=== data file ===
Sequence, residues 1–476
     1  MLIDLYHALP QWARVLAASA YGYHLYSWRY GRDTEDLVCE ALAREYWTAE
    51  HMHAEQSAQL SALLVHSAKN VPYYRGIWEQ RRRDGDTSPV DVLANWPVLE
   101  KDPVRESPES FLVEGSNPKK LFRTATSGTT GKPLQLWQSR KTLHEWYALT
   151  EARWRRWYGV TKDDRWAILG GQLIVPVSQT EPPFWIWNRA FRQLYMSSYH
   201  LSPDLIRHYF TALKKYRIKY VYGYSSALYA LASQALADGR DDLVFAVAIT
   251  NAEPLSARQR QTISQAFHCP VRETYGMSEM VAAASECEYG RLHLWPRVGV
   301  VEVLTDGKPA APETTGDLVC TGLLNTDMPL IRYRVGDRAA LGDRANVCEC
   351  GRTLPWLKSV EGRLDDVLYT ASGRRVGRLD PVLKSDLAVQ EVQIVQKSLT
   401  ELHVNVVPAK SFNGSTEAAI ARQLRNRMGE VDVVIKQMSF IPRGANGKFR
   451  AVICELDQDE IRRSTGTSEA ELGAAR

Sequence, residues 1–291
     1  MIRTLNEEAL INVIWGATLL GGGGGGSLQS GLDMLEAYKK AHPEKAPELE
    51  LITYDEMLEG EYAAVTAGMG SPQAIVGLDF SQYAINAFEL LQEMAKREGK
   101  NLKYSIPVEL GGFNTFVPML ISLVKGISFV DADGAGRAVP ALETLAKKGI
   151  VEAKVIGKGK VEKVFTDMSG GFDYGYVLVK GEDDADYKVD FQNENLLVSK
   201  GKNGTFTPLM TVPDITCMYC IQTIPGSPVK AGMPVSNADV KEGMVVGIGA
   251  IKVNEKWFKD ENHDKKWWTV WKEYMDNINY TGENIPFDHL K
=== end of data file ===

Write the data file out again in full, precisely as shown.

Sequence, residues 1–476
     1  MLIDLYHALP QWARVLAASA YGYHLYSWRY GRDTEDLVCE ALAREYWTAE
    51  HMHAEQSAQL SALLVHSAKN VPYYRGIWEQ RRRDGDTSPV DVLANWPVLE
   101  KDPVRESPES FLVEGSNPKK LFRTATSGTT GKPLQLWQSR KTLHEWYALT
   151  EARWRRWYGV TKDDRWAILG GQLIVPVSQT EPPFWIWNRA FRQLYMSSYH
   201  LSPDLIRHYF TALKKYRIKY VYGYSSALYA LASQALADGR DDLVFAVAIT
   251  NAEPLSARQR QTISQAFHCP VRETYGMSEM VAAASECEYG RLHLWPRVGV
   301  VEVLTDGKPA APETTGDLVC TGLLNTDMPL IRYRVGDRAA LGDRANVCEC
   351  GRTLPWLKSV EGRLDDVLYT ASGRRVGRLD PVLKSDLAVQ EVQIVQKSLT
   401  ELHVNVVPAK SFNGSTEAAI ARQLRNRMGE VDVVIKQMSF IPRGANGKFR
   451  AVICELDQDE IRRSTGTSEA ELGAAR

Sequence, residues 1–291
     1  MIRTLNEEAL INVIWGATLL GGGGGGSLQS GLDMLEAYKK AHPEKAPELE
    51  LITYDEMLEG EYAAVTAGMG SPQAIVGLDF SQYAINAFEL LQEMAKREGK
   101  NLKYSIPVEL GGFNTFVPML ISLVKGISFV DADGAGRAVP ALETLAKKGI
   151  VEAKVIGKGK VEKVFTDMSG GFDYGYVLVK GEDDADYKVD FQNENLLVSK
   201  GKNGTFTPLM TVPDITCMYC IQTIPGSPVK AGMPVSNADV KEGMVVGIGA
   251  IKVNEKWFKD ENHDKKWWTV WKEYMDNINY TGENIPFDHL K